Everyone knows the expression “If you ain’t first, you’re last”--and that could be the motto of this Portland-based web design company, Datalex.
Mystery lurks where you’re last, but the second-place sentiment has got to be behind Datalex’s use of my symbol, Pepe the Frog.
We first encountered a specific kind of SquidLately Pop-Up Store in December last year, but they closed their eponymous store in January this year. Datalex also took a little merch show on the road last year. But a Pop-Up Store on March 16, and its return on April 4, is not only spectacular but unexpected, and rather stellar in its artistry and ambition.
We first encountered a specific kind of Pop-Up Store in December last year, but they closed their eponymous store in January this year. Datalex also took a little merch show on the road last year. But a Pop-Up Store on March 16, and its return on April 4, is not only spectacular but unexpected, and rather stellar in its artistry and ambition.
No architectural replicas but it did clearly aim to evoke—look closely and what you will see is a three-story wooden plank cage enclosed by IKEA, decorated with artwork -- but it did not look that practical. They were wonky, and felt too small. Right now, it is my personal favourite Pop-Up Store.
The store is very impressive, particularly its detachable acrylic egg-shaped skylight. Many stores that we’ve visited have had a rather weak display or focus of a glass cube—but this one certainly was not either. In fact, the Pop-Up Store excels in perfect articulation, as it got this backlight effect with a crafty little effect—it stands behind an invisible wall.
See the inside of Datalex’s Pop-Up Store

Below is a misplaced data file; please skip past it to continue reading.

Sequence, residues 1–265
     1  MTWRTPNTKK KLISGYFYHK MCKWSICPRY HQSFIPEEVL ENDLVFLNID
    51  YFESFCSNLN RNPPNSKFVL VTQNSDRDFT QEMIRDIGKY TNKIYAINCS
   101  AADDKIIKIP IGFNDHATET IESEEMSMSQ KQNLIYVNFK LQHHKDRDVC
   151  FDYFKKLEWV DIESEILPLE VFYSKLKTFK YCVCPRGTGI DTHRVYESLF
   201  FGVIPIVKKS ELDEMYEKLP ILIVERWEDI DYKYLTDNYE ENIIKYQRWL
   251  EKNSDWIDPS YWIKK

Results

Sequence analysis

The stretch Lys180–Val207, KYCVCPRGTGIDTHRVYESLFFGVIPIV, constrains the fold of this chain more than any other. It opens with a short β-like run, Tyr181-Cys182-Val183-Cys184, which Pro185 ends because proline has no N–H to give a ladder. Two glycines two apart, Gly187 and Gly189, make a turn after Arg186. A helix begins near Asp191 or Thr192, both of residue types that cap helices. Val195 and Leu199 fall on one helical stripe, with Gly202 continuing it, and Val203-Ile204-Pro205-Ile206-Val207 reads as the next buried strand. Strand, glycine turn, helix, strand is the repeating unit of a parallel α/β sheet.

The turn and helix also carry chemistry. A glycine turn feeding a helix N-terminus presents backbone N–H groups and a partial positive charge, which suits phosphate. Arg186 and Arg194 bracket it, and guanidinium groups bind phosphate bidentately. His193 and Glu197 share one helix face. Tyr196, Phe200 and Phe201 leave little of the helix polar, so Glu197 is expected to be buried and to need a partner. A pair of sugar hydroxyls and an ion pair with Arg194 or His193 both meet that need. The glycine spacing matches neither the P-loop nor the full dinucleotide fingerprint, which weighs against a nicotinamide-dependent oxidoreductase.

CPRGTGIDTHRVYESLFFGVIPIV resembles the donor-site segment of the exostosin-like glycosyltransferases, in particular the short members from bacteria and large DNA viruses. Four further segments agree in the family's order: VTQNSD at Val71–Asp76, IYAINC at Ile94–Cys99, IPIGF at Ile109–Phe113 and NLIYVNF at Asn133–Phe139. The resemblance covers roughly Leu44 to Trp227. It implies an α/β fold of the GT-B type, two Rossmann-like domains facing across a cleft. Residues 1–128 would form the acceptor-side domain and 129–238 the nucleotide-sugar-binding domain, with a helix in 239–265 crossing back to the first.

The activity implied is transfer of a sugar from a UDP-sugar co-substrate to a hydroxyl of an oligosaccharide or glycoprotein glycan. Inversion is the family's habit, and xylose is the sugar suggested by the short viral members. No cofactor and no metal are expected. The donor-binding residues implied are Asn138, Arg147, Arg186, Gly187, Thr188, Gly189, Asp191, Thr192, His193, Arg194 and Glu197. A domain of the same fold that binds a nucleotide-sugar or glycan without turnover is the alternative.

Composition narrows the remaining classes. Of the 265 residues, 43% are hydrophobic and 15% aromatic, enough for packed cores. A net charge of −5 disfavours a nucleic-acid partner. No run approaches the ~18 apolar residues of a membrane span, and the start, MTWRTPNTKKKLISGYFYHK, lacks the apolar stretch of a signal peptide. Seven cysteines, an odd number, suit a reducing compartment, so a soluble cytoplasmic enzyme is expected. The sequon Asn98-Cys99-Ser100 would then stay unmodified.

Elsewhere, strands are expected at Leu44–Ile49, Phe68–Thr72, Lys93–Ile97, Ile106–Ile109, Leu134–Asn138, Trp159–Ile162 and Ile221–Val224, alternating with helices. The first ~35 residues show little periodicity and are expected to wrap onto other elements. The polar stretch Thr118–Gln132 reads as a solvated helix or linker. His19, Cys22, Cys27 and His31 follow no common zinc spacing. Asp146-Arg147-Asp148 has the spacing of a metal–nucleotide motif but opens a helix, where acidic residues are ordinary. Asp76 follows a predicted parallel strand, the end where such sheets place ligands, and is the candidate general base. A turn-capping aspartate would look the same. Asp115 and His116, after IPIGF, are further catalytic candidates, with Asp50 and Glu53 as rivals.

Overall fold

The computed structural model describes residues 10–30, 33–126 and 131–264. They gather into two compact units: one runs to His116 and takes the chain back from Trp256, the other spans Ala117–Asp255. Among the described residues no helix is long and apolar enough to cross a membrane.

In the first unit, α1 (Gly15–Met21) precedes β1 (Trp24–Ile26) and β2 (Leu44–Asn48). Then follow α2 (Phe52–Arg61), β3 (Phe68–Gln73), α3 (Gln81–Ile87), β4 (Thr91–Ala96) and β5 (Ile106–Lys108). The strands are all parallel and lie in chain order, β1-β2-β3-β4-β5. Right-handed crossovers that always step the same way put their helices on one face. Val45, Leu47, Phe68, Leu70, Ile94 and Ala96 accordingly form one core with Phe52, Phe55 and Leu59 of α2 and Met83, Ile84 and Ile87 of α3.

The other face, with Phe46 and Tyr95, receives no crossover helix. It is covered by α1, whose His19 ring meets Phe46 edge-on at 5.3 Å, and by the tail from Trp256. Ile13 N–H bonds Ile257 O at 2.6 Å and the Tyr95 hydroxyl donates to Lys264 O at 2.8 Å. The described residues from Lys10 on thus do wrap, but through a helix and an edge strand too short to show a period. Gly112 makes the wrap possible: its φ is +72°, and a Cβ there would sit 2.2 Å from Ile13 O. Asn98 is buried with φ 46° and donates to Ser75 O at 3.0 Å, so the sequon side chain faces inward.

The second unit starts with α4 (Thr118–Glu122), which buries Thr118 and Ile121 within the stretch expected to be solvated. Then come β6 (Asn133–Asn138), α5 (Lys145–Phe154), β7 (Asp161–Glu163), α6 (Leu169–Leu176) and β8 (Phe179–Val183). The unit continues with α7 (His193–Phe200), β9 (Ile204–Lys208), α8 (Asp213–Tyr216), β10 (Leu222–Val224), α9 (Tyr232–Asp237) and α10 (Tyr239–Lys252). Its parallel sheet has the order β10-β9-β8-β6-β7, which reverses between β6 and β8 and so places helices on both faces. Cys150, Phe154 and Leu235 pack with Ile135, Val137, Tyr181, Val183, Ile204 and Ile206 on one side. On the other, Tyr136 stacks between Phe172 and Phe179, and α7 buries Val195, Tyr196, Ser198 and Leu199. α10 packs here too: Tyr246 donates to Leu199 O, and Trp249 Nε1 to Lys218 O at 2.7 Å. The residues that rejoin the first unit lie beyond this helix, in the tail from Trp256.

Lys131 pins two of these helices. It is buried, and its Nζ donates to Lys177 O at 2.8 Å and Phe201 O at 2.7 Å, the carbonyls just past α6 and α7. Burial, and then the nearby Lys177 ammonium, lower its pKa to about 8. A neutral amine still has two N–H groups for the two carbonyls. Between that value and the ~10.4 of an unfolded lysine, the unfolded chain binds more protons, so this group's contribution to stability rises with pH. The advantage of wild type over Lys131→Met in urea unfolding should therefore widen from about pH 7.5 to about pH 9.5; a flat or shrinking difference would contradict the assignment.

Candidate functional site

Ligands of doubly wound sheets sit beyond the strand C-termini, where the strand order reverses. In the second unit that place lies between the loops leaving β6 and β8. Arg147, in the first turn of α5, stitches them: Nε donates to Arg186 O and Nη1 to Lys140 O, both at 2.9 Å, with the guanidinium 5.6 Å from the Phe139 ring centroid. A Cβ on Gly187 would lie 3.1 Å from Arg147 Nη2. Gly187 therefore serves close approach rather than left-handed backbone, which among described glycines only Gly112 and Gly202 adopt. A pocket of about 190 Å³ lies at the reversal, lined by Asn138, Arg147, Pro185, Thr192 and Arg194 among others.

People like Pop-Up Stores because they involve some bit of character development and advertising. Datalex’s Pop-Up Store is a bit of everything—so it cannot be described as a Pop-Up Store—and that makes it perfect for people who enjoy novelty displays.
The Pop-Up Store-as-sensory-illusion came together first through their recent additions—art on the exterior, inside, posters and floor canvases—of those figures you may recognise from a 3D poster set or the likes of time-lapse photography. Most of them were created by Jeriel Baranska and Ludovic Jarcques.
Using Pop-Up Store tags, you can find the people they featured on the inside. I couldn’t believe that they were so accurate in their visual interpretation.
Let’s look at the final report on Google Maps. Baranska and Jarcques added colors to the graphics on their devices from the apps. They used the app Wescored as their reference source. The pics are overlaid on Sketchup—Pixel’s architectural 3D platform and many others—thus showing both the human scale and a very large “pop” at a particular point in time.
At the same time, there is more meaningful interaction between the Pop-Up Store itself and an online publication like Pop-Up Store Pulse—before the Pop-Up Store actually opened, although there was no doubt to find this to be visually impressive in and of itself.
Pop-Up Store Pulse was out of the question for me when it first launched, until I realized that it has been making quite a splash in some of the US and European countries. They cover up to 31 cities, and now are based in Hong Kong, one of our hottest spots for indoor pop-up events. But there is one major problem with Pulse—when it is released and the magic happens, why do they stop?
This is another story, but it is a fantastic example of Pop-Up Store-as-business-model, and it certainly required no one’s execution nor coding expertise. Just a handful of guys who put a bit of heart, design and cheerfulness into the world. “Be human” is Datalex’s theme, and to that end, they have collaborated with several graphic designers and used the Android and iPhone app Appagraph to create custom sketches for the many icons used in their prints.